Start-ups: The answer to NDA's unemployment woes


Two years of the Modi government may have been a mixed bag but one place where it has made a big mark is 'entrepreneurship'. It multiplied the buzz around the notion of a start-up. It brought power to entrepreneurs and put the spotlight on the need for people to become job creators and job seekers.


The government sat up and took notice. And the world's best start-up owners came to India. Narendra Modi championed the audiences at Start-up India in January, and Amitabh Kant, the then Secretary of DIPP and current CEO of Niti Ayog, kickstarted a journey with young people. Today, when people say they run start-ups, they are not faced will puzzled looks, and instead, are wowed for their ability to take on the world on their own and stand up for their passions. To me, this is a seriously important and materially relevant success story of the Modi government.


Start-up India cut down the tedious processes and the regulatory framework for the start-up owners. It brought in self-certification, a single-window system, and tax exemptions. Among other announcements were no income tax on profit for three years and exemption from labour compliance. The budgets too talked about entrepreneurship and how to promote it more.

A 10,000-crore fund for first-time start-up owners was put out, though its rollout and execution is something we are still getting to figure. "We believe that the new guidelines has brought some clarity," says Swati Bhargava of She also shares government made positive moves to redefine e-commerce marketplace rules – it allowed 100% FDI. Additionally, the DIPP has also come out with the definition of e-commerce, inventory-based model and marketplace model. "Ease of biz and growth to the e-commerce sector like simply starting initiatives like the 'Twitter Seva' which accelerates communication to the numerous queries by entrepreneurs like us. Also, by introducing 100% FDI in e-commerce, Modi government has kept the promise of continuous reforms and bought rejoice to investors," she explains.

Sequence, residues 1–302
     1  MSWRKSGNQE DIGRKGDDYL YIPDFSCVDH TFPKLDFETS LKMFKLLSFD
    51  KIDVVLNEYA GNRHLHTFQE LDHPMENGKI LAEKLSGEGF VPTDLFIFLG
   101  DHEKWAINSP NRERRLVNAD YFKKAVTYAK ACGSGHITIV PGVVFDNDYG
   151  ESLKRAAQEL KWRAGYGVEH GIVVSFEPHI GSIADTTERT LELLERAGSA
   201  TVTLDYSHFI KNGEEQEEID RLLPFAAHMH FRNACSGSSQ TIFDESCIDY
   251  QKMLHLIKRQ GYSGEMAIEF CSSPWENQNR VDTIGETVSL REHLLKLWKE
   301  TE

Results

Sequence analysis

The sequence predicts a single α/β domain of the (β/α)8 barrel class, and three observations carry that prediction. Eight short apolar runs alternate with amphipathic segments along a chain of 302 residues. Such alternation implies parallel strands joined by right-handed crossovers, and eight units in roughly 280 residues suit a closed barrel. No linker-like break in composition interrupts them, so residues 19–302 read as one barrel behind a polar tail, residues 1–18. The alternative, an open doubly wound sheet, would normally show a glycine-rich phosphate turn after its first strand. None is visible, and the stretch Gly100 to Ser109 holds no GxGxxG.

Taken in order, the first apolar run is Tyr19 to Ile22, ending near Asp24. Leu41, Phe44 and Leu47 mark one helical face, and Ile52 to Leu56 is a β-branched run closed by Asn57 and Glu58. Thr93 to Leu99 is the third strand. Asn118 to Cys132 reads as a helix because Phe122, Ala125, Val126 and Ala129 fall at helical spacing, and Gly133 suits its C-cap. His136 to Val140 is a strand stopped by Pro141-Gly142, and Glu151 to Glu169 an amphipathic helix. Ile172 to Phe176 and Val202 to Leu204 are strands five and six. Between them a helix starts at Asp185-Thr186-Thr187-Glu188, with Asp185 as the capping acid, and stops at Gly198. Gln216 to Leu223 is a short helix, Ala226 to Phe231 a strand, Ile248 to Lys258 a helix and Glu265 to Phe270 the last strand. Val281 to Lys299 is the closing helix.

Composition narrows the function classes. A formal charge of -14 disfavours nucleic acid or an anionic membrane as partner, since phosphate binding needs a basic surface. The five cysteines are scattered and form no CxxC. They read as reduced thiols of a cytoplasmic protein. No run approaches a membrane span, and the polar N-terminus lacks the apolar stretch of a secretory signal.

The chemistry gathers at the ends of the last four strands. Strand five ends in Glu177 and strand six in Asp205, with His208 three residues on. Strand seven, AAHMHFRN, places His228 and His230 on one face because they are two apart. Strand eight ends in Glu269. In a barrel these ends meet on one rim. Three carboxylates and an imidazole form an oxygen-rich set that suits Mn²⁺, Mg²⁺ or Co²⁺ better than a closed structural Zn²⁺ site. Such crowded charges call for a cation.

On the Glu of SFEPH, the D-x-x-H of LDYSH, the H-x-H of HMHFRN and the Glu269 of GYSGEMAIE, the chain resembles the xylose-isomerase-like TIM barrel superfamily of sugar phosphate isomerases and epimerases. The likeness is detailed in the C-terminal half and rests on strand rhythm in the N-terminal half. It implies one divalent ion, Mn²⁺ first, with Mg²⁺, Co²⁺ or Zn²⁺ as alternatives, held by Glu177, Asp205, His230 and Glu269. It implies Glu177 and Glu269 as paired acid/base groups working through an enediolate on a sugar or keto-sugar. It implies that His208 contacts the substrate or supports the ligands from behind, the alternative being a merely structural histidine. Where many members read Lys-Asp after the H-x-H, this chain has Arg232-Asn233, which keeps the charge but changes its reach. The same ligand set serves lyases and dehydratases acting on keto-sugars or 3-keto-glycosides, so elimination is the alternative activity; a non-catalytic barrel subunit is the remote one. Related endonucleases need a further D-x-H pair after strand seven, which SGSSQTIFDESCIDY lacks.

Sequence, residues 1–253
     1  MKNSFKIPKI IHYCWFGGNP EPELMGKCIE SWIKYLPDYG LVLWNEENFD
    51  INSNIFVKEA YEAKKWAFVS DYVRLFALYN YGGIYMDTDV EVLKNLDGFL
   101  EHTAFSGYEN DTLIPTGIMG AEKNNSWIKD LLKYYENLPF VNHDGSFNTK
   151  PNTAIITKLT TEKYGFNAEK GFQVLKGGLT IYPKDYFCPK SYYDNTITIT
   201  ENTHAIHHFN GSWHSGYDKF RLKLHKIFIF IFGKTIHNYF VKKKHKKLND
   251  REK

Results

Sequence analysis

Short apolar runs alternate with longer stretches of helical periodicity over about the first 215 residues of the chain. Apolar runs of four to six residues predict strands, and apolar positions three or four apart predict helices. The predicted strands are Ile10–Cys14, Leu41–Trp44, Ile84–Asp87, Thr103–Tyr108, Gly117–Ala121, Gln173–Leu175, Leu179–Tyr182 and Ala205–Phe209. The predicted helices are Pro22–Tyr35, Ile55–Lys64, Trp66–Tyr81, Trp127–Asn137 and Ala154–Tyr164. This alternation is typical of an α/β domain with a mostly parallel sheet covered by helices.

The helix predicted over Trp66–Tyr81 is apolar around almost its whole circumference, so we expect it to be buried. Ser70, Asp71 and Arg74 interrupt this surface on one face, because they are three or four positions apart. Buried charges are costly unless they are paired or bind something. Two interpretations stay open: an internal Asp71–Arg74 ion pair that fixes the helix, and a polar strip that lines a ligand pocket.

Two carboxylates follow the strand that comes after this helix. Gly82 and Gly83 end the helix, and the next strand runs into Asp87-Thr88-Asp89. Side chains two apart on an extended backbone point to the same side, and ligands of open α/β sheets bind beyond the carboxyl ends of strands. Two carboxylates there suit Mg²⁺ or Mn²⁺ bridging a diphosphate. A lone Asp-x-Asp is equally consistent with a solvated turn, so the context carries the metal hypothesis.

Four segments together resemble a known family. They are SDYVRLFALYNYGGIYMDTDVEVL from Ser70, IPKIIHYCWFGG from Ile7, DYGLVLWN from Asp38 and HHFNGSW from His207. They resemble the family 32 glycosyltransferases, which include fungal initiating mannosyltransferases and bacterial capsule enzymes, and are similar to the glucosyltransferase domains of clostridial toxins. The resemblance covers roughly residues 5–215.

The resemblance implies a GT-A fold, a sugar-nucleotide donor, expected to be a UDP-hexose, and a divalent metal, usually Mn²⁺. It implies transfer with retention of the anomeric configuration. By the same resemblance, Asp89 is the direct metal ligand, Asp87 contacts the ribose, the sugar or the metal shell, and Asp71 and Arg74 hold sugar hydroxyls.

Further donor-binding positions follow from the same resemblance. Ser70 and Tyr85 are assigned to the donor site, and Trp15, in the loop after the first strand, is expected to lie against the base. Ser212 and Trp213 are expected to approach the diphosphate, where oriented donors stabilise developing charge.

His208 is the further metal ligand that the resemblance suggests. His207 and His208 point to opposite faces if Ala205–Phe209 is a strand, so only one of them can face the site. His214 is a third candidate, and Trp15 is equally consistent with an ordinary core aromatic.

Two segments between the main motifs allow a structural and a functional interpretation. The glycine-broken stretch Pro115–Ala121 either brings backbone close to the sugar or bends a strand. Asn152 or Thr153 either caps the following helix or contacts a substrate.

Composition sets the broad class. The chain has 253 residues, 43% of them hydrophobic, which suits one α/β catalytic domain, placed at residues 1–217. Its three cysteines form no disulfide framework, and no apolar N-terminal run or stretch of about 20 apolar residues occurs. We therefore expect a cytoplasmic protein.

For women specifically, there were measures announced. Such as loans to start out, lower interest rates. This was across sectors and income groups. The government has put out specials measure for women from SC/ST groups as well. The Stand Up India scheme, launched on April 5, said that women and SC/ST entrepreneurs have a fair chance at setting up their own businesses. The scheme facilitates loans from Rs 10 lakh to Rs 1 crore for these sectors of the population.


The overall environment is better in the last two years. The policies are positive from the sentiment point of view. There is an intent of the government to talk and engage with entrepreneurs. The commerce ministry and the DIPP have never been so frequented by young people as they are now, which is a brilliant sign.


Agreed that we need more clarity on all the measures and a review of execution. Perhaps, the remaining term of the government should be spent in putting the spotlight on what's been executed. It would also benefit from sharing how their efforts have truly made it easier for entrepreneurs to do business. With more than 12 million jobs being sought in a year, it's a no-brainer that entrepreneurs of all kinds and genres must be promoted to create and grow new businesses.

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